There is an analogy that I have argued with Bayesian thinking. Many ask me about “the prior.” Where does it come from? How do you quantify it? Who decides? These are all legitimate questions and the development of a prior is hard work. The first step is to admit that a prior exists in our minds (i.e. an implicit model). [Side Note: There is an organization called Frequentists Anonymous that has a 10-step program in which the first step is to admit openly and publicly, “I have a prior.” From there, the other nine steps of therapy can begin. … OK, this is a joke, but you get the point.] Then one can figure out how to make that prior explicit and begin to describe it mathematically or statistically. That description can be simple – i.e. a simple point estimate of the probability that the null hypothesis is true – like pr(H0 is true) = 0.40. Alternatively, it can be a quite complex description of the probability distribution governing possible values of a parameter in a larger model. In general, we know a lot more than ‘the parameter lies in the interval (-1000, 1000); rather we might more intelligently say the parameter lies in the interval (-1, 4) with the most likely value being 0. That information garnered from experience or understanding of the model/context can be converted, for example, into a suitable gamma distribution or even something as simple as a triangular distribution. Everyone knows something about the experiment, the model, the hypothesis. Write it down!
In a very recent e-mail exchange with Dr. Jonathan Jarow (formerly of FDA) about Bayesian stats, my blogs and priors (which he says jokingly should be called “anterior probabilities” in the medical community to complement “posterior probabilities”), Jonathan made an interesting comment/insight that was new – at least to me. He noted that Bayesians prefer to do all the hard work up-front in terms of quantifying the prior. Then, when the experiment is done and the prior is combined with the data in a statistically suitable way, the answer comes out pretty easily in the form of a posterior estimate or distribution. Frequentists do all the hard work on the back end. Sure, they prespecify a hypothesis, test statistic etc. (note that this happens for Bayesians as well), but the hard work is on the back end, trying to put the p-value in context and understand how much “evidence” a p-value is worth (see Blog 7: What Does p<0.05 Mean, Anyway). I think that is one reasonable characterization of the distinction between Bayesian and frequentist thinking. It is also another reason why I would support a Bayesian approach – it requires more deliberate and explicit thinking in advance of an experiment; it is a higher level, more rigorous form of pre-specification, a concept that statisticians advocate as important, if not essential, for drawing reliable conclusions from experimental data.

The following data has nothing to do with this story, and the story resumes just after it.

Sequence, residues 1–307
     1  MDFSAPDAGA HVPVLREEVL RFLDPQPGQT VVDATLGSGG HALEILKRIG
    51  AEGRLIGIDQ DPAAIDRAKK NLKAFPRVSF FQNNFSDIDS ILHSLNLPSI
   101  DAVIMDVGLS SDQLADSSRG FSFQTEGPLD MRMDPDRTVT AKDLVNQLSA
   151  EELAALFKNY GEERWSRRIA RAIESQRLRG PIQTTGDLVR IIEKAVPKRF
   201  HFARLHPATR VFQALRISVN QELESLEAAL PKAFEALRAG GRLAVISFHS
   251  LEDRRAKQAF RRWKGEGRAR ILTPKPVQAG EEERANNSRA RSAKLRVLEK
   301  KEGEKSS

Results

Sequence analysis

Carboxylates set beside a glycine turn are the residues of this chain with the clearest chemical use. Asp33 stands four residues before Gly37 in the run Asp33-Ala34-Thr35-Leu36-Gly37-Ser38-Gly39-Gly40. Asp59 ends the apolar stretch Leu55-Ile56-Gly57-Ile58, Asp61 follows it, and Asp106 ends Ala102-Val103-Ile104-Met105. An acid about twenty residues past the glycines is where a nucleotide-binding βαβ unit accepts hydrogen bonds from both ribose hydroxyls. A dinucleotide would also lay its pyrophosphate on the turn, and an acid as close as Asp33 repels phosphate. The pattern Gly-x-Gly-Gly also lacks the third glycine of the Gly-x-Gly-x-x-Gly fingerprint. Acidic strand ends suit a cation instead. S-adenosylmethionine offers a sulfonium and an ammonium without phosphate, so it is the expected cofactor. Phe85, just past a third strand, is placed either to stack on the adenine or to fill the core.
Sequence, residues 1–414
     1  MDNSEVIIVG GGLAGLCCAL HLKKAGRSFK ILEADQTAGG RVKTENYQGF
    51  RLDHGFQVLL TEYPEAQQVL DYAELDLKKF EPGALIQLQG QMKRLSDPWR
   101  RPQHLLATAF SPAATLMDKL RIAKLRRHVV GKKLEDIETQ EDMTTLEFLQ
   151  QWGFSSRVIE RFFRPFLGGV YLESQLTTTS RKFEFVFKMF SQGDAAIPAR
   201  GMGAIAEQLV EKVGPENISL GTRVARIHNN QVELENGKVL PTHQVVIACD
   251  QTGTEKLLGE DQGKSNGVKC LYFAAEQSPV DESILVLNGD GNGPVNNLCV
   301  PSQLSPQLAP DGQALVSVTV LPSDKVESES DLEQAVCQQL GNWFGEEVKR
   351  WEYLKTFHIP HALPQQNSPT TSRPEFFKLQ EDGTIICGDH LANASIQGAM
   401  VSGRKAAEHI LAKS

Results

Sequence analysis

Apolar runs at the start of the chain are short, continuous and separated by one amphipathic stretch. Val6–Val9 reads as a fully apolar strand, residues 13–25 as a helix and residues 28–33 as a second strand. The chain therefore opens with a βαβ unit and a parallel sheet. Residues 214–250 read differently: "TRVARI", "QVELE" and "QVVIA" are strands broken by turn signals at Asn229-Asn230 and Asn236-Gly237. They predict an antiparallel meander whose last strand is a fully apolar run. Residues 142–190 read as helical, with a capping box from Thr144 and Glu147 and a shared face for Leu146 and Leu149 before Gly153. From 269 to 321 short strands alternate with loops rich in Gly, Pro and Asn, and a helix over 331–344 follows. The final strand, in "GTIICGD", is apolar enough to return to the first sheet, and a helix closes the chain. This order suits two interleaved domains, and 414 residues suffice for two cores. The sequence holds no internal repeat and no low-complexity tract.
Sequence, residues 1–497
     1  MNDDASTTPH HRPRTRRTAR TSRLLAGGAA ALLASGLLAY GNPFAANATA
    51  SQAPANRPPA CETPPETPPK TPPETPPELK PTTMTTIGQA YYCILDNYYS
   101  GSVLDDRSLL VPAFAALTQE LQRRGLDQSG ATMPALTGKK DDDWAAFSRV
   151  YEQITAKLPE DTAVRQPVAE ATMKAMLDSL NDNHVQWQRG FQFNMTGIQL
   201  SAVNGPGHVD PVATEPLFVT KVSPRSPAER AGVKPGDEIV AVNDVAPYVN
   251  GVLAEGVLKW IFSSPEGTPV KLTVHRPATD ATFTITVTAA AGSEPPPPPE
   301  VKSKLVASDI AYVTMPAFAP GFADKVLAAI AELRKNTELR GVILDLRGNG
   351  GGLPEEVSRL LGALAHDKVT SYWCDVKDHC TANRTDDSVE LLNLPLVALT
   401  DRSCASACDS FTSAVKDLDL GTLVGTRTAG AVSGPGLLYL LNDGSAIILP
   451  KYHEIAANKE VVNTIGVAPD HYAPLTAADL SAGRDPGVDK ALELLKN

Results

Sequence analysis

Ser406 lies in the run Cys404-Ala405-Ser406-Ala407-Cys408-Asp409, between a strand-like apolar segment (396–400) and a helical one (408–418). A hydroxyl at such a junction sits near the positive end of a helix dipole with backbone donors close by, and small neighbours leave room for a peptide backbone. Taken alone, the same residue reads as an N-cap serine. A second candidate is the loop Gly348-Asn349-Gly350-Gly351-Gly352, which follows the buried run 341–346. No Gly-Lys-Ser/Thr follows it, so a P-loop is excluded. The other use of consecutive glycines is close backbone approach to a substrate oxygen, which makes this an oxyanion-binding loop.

We can never eliminate our biases. But we can move from being unconsciously biased to consciously unbiased (or at least less biased) by making our prior knowledge more explicit in quantifiable ways.
Epilogue to this Epilogue:
See this article in the Wall Street Journal that came out shortly after the Science publication.
“New York Regulator Probes United Health Algorithm for Racial Bias: Financial Services Department is investigating whether algorithm violates state anti-discrimination law”
 Obermeyer et al., Science 366, 447–453 (2019). 25 October 2019.
 O’Neill, Cathy, Weapons of Math Destruction: How Big Data Increases Inequality and Threatens Democracy. New York, Broadway Books. 2016.